1. Senior Life Vacations
      A holiday company which organizes peaceful and relaxing group tours for travelers over 60 years old. They specialize in guided visits led by experts, cruise ship visits to famous archaeological sites and tours for ‘foodies’, those interested in gourmet food and wine.

      Example vocab brainstorm: retired, old, travel, journey, experience, learning, enlightenment, heaven, sunset, partnership, expert, experience, knowledge, enjoyment, enrichment…

    2. Krypton Systems, Inc.
      A bold, innovative internet software company. They focus on high-end graphics applications for web development and advertising. Their clients have included Cisco, Microsoft and Apple. Krypton is particularly famous for the reliability of their software, their very frequent service updates, and their near-instant service delivery.

    3. Powell Gordon Macintyre
      A respected law firm representing corporate clients. Recent cases have included successfully defending a major investment bank against allegations by congress that they took excessive risks with their clients savings. They also helped design legislation to reduce banking regulations, and helped a client beat a class-action lawsuit by investors who claimed their savings have been embezzled.

    4. Galactic Adventures
      This company offers trips into Earth orbit. Select groups of three or four clients are boosted into space on a new generation of reusable shuttle, and spend three days in space. From there, they can enjoy the view of the Earth, take part in commercial or scientific activities, or make documentaries or movies of their experience.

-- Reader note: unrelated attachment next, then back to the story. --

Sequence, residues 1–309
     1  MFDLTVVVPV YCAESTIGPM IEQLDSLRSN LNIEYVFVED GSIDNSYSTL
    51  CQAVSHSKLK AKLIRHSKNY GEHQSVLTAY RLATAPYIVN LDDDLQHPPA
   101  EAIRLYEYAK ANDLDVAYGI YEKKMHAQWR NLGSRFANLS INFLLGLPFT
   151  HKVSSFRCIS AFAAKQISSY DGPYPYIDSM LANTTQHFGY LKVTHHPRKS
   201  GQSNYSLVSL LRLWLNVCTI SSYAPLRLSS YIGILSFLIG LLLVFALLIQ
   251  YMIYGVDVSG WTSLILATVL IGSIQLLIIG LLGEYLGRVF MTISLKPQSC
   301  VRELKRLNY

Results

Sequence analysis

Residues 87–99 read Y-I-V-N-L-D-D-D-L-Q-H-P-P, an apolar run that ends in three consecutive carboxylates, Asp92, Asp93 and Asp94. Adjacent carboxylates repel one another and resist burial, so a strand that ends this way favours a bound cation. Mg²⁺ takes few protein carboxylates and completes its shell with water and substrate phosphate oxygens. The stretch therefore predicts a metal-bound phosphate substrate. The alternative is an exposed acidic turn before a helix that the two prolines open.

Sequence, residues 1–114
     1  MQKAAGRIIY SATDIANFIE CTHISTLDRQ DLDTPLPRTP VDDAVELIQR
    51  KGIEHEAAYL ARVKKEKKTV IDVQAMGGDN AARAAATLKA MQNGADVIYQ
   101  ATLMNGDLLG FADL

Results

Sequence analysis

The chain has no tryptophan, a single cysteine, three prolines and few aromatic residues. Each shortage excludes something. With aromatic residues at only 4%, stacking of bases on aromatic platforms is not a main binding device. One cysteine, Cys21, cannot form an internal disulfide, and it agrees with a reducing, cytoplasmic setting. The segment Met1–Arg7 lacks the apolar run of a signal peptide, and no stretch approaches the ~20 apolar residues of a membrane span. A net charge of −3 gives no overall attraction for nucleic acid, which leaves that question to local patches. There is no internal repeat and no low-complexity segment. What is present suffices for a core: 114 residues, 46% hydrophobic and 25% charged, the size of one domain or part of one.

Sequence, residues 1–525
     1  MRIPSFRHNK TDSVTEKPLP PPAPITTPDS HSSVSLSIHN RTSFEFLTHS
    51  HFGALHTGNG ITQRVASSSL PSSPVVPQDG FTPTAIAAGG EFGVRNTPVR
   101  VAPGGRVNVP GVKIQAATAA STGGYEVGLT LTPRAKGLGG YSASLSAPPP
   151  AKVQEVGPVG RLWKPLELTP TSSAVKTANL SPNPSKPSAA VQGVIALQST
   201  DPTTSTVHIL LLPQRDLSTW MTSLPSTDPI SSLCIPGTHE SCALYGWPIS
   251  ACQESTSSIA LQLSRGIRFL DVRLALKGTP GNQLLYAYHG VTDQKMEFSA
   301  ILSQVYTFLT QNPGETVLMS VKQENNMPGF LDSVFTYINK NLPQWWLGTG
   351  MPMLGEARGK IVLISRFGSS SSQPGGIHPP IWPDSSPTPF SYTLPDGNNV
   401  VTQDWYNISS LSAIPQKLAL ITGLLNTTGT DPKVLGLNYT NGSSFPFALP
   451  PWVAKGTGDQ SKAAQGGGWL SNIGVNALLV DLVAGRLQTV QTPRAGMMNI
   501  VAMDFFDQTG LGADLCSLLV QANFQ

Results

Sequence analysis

The possibilities are as endless as your students’ creativity. These examples come from my own students in Boston; well done to them for some ingenious, collective thinking:

Senior Life: Sunset Over The Pyramids

This features the (admittedly slightly risky, but still relevant) double-entendre of ‘sunset’, which could refer both to the end of a day, seen amid the splendor of the Pyramids, and the end of life itself. I enjoyed it’s sass, and its imagery, equally.

Krypton Systems: Like the Internet. But Faster.

In an age when speed and immediacy are at a premium, this hits the mark. I enjoyed the hyperbole; after all, the Internet is already fast, and comparing your own speed to that of an efficient system highlights one of the company’s main promises. The same group tried, It’s The Internet, But Faster, which I also liked.

Powell Gordon Macintyre: Protection. Delivered.

Short, punchy and straight to the point. The same group wanted to try Keeping Crooks Of Jail Since 1967 but they had to agree that it didn’t send the right message!

Galactic Adventures: Beyond the Clouds

I loved this one. It’s emotive and imaginative, conjuring just the lofty, exotic, adventure-driven experience the company is trying to sell.

 

Advertising slogans link in with language, culture and business in intriguing and instructive ways.

It’s well worth spending a class or two looking at good examples, and then having your students create some of their own.